A nine-day intensive "barrel bomb" assault on Aleppo and other northern towns by President Bashar al-Assad's Syrian regime has killed hundreds of civilians and cast renewed doubt over next month's peace talks.
Reports by several counts put the number of civilians killed by shelling and by barrels packed with TNT and shrapnel at more than 300. But an activist claimed that 480 were dead.
He and the London-based Syrian Network for Human Rights both counted 86 children among the victims. Distressing photographs of the bloodied bodies of infants have begun circulating on the internet, some posted by Aleppo doctors. Many are too gruesome to be published.
In other pictures, children are seen queueing for treatment at the city's makeshift clinics, caked in blood and dust. In yet another video, said to have been taken of a school in the town of Marea north of Aleppo, children are seen being pulled from the rubble.
After months in which the fighting on the ground has taken second place in international analysis to fears of the rise of al-Qa'ida in the rebel ranks and the chances of reaching some sort of political compromise at the "Geneva 2" peace talks, the scale of the suffering has forced the tactics of Assad's forces back to centre stage.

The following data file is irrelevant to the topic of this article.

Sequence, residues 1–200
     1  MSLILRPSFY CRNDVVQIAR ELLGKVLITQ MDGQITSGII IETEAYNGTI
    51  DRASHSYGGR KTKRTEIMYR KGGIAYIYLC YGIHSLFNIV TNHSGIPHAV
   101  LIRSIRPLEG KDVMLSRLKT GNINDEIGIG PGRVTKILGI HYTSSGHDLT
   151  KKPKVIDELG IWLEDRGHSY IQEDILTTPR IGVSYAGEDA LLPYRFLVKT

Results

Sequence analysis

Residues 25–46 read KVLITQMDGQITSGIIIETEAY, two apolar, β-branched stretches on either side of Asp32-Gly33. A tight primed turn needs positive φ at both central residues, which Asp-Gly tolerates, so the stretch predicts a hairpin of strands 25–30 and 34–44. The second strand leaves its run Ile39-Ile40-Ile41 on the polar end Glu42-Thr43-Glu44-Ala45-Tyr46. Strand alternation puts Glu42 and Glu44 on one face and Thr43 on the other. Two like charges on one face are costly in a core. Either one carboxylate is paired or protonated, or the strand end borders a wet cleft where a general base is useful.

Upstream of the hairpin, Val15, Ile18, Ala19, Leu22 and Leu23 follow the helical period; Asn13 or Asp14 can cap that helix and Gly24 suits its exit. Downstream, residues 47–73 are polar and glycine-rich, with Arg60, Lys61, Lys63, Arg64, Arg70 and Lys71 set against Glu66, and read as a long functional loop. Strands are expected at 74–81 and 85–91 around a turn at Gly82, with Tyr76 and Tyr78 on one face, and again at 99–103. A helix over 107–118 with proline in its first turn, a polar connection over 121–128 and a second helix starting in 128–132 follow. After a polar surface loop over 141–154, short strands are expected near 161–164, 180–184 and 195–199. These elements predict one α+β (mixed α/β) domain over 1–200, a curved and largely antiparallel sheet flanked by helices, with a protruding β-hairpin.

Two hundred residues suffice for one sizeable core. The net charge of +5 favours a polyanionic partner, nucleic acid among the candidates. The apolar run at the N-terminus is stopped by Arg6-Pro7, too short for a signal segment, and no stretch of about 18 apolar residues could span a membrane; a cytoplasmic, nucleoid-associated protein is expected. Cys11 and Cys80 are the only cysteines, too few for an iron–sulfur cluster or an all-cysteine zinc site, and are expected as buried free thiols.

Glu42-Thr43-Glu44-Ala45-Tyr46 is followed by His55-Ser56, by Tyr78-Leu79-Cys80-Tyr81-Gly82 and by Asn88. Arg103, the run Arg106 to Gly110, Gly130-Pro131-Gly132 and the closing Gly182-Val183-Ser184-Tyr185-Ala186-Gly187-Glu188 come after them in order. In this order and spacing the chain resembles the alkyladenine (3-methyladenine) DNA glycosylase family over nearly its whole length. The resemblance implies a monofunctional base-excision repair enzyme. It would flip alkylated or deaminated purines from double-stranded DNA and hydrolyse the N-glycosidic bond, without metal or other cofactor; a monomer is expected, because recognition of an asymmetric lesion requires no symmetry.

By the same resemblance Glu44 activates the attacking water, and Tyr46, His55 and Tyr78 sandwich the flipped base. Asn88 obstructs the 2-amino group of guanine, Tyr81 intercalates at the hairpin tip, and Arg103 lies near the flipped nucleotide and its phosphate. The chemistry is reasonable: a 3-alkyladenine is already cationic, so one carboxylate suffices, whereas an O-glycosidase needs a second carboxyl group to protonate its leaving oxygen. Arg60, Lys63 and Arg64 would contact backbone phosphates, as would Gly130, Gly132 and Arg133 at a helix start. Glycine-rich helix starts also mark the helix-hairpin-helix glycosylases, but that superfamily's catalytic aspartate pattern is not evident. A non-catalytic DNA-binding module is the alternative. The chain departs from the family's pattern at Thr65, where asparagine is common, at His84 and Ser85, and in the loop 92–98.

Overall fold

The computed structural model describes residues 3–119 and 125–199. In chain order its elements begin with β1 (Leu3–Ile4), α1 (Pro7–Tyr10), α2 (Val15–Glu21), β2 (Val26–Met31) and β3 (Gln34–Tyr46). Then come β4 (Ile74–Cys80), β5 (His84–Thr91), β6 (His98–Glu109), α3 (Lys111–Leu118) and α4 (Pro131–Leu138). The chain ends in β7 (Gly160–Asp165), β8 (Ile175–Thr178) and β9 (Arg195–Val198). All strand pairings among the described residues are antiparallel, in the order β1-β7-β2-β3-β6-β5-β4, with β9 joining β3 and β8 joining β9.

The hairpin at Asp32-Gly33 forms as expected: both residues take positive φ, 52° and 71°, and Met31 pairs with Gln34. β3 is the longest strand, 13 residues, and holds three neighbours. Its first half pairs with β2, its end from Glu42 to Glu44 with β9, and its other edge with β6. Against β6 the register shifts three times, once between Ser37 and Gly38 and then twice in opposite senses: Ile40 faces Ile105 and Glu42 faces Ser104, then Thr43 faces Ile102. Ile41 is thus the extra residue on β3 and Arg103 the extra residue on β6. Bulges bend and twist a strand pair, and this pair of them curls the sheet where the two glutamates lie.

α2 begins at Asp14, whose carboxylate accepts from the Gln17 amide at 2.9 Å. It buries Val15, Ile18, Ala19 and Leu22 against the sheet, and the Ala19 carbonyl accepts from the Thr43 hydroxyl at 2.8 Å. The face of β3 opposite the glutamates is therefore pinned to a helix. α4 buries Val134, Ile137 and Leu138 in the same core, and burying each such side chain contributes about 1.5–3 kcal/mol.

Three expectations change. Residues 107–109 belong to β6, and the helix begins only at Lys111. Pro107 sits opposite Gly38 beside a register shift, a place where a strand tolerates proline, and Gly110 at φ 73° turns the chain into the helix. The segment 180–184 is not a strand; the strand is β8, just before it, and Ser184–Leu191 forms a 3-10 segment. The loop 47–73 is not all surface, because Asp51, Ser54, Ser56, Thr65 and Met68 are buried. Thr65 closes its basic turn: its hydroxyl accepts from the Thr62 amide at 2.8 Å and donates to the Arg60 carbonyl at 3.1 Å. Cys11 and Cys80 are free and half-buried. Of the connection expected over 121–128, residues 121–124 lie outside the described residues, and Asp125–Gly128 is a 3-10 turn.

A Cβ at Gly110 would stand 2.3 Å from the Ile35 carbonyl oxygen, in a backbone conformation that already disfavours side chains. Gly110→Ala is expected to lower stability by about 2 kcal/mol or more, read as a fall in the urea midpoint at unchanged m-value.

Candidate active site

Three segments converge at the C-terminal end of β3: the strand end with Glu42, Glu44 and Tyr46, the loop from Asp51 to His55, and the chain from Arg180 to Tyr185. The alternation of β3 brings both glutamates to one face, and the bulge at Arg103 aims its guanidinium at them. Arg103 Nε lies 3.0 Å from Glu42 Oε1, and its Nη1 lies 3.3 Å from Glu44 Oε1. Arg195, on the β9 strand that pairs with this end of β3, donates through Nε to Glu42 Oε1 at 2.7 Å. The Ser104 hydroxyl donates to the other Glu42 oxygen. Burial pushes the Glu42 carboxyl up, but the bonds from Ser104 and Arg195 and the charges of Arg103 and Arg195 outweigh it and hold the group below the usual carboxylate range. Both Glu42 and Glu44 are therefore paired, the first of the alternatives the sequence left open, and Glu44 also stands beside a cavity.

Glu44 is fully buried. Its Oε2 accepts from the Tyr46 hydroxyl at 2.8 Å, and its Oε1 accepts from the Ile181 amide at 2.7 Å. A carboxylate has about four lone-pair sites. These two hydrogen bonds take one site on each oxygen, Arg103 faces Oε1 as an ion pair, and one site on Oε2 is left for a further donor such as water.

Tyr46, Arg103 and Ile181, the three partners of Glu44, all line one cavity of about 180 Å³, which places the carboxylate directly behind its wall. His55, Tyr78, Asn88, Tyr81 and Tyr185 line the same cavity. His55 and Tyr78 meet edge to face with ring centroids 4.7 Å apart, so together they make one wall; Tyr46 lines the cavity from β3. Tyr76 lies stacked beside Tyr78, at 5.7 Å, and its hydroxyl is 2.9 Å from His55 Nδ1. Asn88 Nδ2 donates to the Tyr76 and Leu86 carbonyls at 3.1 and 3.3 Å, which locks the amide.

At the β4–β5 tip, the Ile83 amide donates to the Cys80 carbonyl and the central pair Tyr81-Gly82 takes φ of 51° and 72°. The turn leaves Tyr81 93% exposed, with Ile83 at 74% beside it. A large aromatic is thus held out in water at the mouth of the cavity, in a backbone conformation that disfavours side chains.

William Hague, the British Foreign Secretary, said: "I condemn the use of brutal and indiscriminate weapons in densely populated civilian areas, such as we have seen in Aleppo in recent days."
Last night the opposition Syrian National Coalition said it would not attend the planned peace talks in Geneva unless the bombing of Aleppo ceased.
Human Rights Watch said the attacks were illegal under international law.
"Government forces have really been wreaking disaster, killing men, women, and children alike," said Ole Solvang, a senior emergencies researcher.
"The Syrian air force is either criminally incompetent, doesn't care whether it kills scores of civilians -- or deliberately targets civilian areas."
Despite repeated talk of Mr Assad having turned the tide of the war with the support of Iran, Hizbollah and Iraqi Shia militias, advances in one area have often been matched by retreat in others. The Syrian army has failed to make good its promise of retaking Aleppo and has lost ground in recent days, according to activists. "I believe that the regime is taking revenge on Aleppo after it failed in its military campaign," said a spokesman for the Al-Shams news agency in Aleppo.
Both Hizbollah and the Iraqi militias have concentrated fighting on areas of Damascus and Homs provinces with large populations of the Shia minority and Mr Assad has never been able to muster sufficient numbers of his own troops to sustain an assault on the northern front. (© Daily Telegraph, London)
Richard Spencer, Cairo